Just before the sun sets, we find a reasonably sheltered anchorage near the airport. Yet the next morning the wind direction is predicted to change, so we call the marina. “You first need to send pictures to prove that you cleaned the hull”, the harbourmaster orders. Floris quickly jumps into the kayak, cleans some spots, and shoots a few blurry photos. He sends them by email and asks if we’re clear to come into the marina. “We are already on our way, because the wind has just shifted,” he adds.
“All good, please come in”, is the redeeming answer two minutes later. “But you are not allowed to sleep on board because of the strict COVID rules.” There’s no point in protesting, so we call our friend Kerry. Fortunately, he is happy to have us stay at his wonderful apartment. It’s a treat to see him again. A week flies by. We visit museums, blog and vlog, have dinner with old and new friends, do the laundry, and pay a much-needed visit to the hairdresser.
A new challenge presents itself for the continuation of our journey: Cape Palliser. It forms the south-easternmost tip of the North Island. We’ll have to get around it to sail further north. We time our departure so that we can sail to the cape with the last bit of northerly wind. There is still a strong breeze when we leave, so we race out of the harbour. We follow the coast eastwards for about 30 miles until the wind dies down completely. As we drift towards the cape, a south-westerly wind picks us up. Our plan worked! The new wind increases quickly, as does our speed.
Taking a Beating
For two days we whiz north along the east coast of the North Island with the wind in our back. We check the weather forecast for the East Cape that lies ahead of us. The map with gribs turns red around the cape, a high landmass that extends well into the sea. “About 30 knots of wind. From behind, so that should be doable”, Ivar estimates optimistically.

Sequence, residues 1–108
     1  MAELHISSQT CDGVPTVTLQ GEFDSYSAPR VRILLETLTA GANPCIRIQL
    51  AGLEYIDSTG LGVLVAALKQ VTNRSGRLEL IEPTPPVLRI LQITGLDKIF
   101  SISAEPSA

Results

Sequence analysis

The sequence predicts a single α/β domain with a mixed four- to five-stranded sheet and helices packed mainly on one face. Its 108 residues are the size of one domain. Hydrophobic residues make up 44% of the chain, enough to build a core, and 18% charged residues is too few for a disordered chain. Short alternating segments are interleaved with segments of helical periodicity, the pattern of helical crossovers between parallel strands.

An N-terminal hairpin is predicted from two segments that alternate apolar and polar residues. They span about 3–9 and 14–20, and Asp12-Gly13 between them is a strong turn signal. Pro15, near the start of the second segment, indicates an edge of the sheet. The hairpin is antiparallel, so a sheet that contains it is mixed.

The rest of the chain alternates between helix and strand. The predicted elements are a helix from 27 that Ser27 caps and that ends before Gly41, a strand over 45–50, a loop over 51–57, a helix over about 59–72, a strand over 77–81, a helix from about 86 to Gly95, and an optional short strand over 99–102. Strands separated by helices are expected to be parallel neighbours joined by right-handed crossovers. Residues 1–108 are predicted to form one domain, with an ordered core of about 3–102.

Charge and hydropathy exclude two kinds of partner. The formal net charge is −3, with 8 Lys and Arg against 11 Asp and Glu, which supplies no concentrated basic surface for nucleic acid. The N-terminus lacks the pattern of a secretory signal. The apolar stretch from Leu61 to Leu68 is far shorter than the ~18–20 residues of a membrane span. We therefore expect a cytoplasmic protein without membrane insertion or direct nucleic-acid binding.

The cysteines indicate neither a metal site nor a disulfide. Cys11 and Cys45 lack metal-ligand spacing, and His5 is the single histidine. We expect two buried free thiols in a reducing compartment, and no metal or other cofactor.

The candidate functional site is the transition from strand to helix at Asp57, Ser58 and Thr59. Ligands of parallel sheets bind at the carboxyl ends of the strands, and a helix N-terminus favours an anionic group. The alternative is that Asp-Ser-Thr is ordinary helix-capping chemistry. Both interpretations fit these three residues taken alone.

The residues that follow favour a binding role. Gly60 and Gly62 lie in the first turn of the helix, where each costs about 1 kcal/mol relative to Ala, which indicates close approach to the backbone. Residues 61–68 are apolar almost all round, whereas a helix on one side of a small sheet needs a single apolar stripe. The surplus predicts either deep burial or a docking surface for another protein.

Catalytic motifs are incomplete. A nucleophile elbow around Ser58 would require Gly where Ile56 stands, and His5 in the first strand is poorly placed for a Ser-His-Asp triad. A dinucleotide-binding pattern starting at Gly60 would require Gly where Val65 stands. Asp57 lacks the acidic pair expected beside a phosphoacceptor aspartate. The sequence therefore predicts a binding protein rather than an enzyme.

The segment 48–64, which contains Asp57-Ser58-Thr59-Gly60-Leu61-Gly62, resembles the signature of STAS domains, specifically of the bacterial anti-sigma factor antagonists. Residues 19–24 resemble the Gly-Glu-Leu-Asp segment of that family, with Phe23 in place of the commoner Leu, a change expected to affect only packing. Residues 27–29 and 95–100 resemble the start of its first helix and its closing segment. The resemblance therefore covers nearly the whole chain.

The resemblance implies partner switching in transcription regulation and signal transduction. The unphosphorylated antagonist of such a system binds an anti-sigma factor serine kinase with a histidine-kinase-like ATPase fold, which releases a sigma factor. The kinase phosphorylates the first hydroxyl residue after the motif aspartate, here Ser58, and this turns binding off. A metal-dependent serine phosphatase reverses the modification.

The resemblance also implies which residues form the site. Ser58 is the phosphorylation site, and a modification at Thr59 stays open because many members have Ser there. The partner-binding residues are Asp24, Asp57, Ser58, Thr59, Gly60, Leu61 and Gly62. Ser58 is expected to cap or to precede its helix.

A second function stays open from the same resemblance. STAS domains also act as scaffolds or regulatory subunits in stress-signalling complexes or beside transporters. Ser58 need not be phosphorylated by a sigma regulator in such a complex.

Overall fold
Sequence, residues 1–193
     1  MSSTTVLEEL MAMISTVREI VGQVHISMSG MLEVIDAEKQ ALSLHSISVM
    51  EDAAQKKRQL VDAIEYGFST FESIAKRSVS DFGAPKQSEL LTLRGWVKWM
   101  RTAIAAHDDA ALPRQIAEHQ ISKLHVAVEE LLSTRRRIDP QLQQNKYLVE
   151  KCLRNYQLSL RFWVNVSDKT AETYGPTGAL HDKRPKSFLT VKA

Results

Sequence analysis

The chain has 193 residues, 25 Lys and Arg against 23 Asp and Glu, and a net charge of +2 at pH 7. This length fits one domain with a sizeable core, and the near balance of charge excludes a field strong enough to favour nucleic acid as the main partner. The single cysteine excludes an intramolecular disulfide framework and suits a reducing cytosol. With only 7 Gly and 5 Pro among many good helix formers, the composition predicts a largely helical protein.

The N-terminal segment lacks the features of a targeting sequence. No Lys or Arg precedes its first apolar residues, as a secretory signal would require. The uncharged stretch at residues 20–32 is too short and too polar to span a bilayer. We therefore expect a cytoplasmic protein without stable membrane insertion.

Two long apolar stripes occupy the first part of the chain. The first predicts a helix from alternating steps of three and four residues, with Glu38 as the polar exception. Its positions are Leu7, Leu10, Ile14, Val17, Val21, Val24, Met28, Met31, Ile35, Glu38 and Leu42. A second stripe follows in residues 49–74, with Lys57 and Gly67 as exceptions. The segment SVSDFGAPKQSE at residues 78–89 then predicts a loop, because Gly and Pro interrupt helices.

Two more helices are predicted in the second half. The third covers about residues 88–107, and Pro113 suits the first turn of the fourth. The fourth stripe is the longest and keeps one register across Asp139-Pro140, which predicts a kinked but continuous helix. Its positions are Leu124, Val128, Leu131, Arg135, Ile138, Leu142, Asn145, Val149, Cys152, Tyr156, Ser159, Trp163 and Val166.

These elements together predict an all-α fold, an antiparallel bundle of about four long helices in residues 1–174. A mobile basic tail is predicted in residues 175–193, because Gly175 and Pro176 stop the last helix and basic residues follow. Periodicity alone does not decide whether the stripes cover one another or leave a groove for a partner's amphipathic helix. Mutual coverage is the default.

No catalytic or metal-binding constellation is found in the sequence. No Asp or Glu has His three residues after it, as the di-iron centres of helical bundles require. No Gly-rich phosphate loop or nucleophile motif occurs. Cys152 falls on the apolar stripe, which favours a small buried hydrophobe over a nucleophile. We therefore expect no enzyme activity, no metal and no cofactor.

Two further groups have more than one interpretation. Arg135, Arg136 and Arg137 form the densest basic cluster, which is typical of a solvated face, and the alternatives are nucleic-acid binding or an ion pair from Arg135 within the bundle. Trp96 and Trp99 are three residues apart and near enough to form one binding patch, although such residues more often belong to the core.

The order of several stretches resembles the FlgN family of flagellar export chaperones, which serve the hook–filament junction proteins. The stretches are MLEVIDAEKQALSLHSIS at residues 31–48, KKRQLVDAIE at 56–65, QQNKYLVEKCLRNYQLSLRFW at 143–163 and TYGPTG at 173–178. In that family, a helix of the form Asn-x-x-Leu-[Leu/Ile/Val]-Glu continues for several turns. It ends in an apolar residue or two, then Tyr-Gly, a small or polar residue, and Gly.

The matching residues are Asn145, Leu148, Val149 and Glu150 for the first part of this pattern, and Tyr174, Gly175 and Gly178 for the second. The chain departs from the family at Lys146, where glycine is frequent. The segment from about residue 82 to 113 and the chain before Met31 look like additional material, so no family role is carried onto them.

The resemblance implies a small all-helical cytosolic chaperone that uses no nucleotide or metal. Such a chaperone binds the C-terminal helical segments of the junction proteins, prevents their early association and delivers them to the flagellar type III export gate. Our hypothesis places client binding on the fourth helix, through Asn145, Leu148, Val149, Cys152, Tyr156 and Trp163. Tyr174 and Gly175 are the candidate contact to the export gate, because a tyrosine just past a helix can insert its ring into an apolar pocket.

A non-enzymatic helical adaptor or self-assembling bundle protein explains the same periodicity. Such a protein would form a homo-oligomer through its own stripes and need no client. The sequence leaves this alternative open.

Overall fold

We decide to sail on and pass potential stopovers Napier and Gisborne. Yet when we get close to the cape, the wind is much stronger. The meter regularly clocks above 40 knots, while we’re flying with eight knots boat speed. Water gets blown off the tops of ever-increasing waves. The howling of the wind is deafening. It is no longer possible to turn around. How bad is this going to get? Should we have stopped sooner?
Uncertainty takes hold of us, but Luci does her best to take it away. Despite the forces of nature, she is holding up fine. With only a reefed mainsail we go only slightly slower than the waves. She calmly lifts her stern as another breaking wave passes below us. There isn’t a splash of water that reaches her well-protected centre cockpit, and the autopilot keeps us nicely on course. Rounding the cape seems to take forever, as we are giving it a wide berth. After a few hours we finally get out of this washing machine. Soon after we are to the north of the cape and have the landmass to port, we get into its lee. The wind abates and later even dies down completely. That’s how much of an influence the East Cape’s landmass has on the local weather. We are relieved that we survived this beating unscathed.